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Drug Affordability Affects 1 In 10 Canadians

January 16, 2012

One in 10 Canadians have problems affording medications they have been prescribed, and one in four people without drug insurance cannot afford to have their prescriptions filled, according to a study in CMAJ (Canadian Medical Association Journal).

Researchers from the University of British Columbia, University of Toronto and the Institute for Clinical Evaluative Sciences analyzed data from 5732 people who participated in the 2007 Canada Community Health Survey. Participants who received a prescription were asked if they had problems filling a prescription, avoided refilling a prescription or tried to make a prescription last longer because of the cost. A positive answer to any of the three questions was deemed to be cost-related nonadherence to prescription medication.

Although Canada has publicly funded health care for hospital and physician services, the country lacks universal drug coverage. Many Canadians do not have insurance for prescription drugs and must pay out-of-pocket for medications. Two-thirds of Canadian households incur these expenses each year, totaling $4.6 billion in 2010, or about 17.5% of total spending on prescription drugs.

According to the study, about 10% of Canadians who received one or more prescriptions had problems filling a prescription because of cost, with the highest rates of cost-related nonadherence in British Columbia (17%). Rates were higher for people with lower incomes and those with poorer health as well as for people without drug insurance.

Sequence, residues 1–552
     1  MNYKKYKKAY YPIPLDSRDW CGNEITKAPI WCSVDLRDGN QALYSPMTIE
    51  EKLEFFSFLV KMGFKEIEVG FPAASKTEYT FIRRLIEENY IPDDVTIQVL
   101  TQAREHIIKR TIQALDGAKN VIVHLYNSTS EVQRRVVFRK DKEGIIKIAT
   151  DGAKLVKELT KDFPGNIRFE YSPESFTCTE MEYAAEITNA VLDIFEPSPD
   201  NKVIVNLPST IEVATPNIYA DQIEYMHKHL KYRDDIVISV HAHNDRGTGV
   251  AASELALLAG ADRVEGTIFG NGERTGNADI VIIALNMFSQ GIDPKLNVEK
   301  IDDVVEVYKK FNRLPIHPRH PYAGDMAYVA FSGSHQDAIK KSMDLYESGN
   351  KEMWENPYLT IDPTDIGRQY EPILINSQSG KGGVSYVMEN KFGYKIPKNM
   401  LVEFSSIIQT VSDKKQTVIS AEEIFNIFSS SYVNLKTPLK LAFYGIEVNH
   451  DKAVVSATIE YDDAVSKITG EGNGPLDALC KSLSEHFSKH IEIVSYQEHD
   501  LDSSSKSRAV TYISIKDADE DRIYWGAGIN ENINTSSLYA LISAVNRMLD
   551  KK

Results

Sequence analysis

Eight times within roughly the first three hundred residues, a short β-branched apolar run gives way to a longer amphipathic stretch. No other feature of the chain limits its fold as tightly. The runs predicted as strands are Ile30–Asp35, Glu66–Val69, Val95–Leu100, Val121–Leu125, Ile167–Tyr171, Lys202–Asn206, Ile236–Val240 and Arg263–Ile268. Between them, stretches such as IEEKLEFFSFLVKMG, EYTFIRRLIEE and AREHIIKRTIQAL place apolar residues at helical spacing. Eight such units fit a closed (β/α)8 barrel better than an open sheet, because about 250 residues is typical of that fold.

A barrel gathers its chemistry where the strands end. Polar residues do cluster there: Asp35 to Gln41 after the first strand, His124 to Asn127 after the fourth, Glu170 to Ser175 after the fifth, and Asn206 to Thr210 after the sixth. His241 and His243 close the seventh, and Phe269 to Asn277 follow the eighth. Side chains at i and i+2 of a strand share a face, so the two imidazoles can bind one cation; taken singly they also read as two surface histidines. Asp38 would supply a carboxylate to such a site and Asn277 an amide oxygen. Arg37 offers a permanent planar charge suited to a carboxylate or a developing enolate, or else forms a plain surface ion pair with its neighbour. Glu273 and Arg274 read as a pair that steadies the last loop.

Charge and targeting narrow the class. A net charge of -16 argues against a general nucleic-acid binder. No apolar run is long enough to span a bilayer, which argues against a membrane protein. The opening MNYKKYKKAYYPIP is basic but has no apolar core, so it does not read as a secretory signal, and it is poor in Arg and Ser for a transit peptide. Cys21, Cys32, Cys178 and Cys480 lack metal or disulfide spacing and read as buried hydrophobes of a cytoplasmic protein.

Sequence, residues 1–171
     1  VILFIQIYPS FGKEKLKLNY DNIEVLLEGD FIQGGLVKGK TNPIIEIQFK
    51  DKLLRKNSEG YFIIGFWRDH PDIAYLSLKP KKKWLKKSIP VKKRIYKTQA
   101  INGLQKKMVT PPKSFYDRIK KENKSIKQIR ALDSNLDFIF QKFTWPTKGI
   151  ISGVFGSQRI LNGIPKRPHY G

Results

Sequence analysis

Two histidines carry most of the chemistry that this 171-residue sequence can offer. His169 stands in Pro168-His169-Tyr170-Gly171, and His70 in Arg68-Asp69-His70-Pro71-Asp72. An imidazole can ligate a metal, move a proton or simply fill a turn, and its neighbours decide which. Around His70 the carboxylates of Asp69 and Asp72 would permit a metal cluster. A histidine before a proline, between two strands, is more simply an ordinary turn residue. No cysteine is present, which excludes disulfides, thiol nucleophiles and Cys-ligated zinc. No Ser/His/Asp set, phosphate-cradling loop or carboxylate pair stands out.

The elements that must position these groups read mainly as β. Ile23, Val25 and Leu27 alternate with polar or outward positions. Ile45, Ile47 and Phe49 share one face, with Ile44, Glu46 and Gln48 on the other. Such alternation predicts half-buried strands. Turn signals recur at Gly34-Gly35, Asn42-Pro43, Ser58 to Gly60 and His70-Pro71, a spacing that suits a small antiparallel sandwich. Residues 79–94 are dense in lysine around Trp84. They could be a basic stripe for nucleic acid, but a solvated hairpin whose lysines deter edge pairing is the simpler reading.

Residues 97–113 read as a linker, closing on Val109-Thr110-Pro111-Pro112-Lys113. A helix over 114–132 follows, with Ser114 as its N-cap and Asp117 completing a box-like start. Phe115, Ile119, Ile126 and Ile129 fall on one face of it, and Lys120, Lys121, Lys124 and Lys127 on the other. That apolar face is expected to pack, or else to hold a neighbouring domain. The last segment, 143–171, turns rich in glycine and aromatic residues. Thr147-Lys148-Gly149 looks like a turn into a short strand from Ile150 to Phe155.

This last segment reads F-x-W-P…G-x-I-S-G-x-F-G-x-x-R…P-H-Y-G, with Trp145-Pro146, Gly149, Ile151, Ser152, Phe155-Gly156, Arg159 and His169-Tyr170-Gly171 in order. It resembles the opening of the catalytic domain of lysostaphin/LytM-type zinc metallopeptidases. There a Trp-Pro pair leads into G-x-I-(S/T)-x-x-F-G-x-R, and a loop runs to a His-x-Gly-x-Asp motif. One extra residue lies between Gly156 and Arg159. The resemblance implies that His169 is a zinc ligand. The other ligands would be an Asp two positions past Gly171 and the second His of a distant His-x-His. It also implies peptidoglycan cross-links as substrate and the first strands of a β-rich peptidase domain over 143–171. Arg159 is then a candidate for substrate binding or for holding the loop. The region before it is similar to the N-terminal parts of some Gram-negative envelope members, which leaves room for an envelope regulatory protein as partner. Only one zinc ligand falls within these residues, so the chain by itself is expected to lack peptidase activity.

“We found cost-related nonadherence was most commonly reported by individuals who were poor, who reported worse health status, and who had multiple chronic conditions,” stated Dr. Michael Law, Centre for Health Services and Policy Research, University of British Columbia. “Among those without drug insurance, cost-related nonadherence was reported by 26.5% compared with only 6.8% among those who reported having drug insurance.”

Statistical projections indicate a 35.6% likelihood of nonadherence for uninsured low-income people compared with 3.6% for high-income insured people.

“Reducing cost-related nonadherence would likely improve health and reduce spending in other areas, such as admissions to hospital for acute care, conclude the authors. “Of all the factors we found to be associated with cost-related nonadherence, insurance coverage is the most amenable to being addressed through changes in public policy.”

“We think these findings are timely, with the premiers’ Council of the Federation meeting January 16, 2012 in Victoria, BC,” adds Dr. Law. “The country’s 13 provincial and territorial premiers should focus on how to address this disparity to improve access to prescription drugs for all Canadians.”

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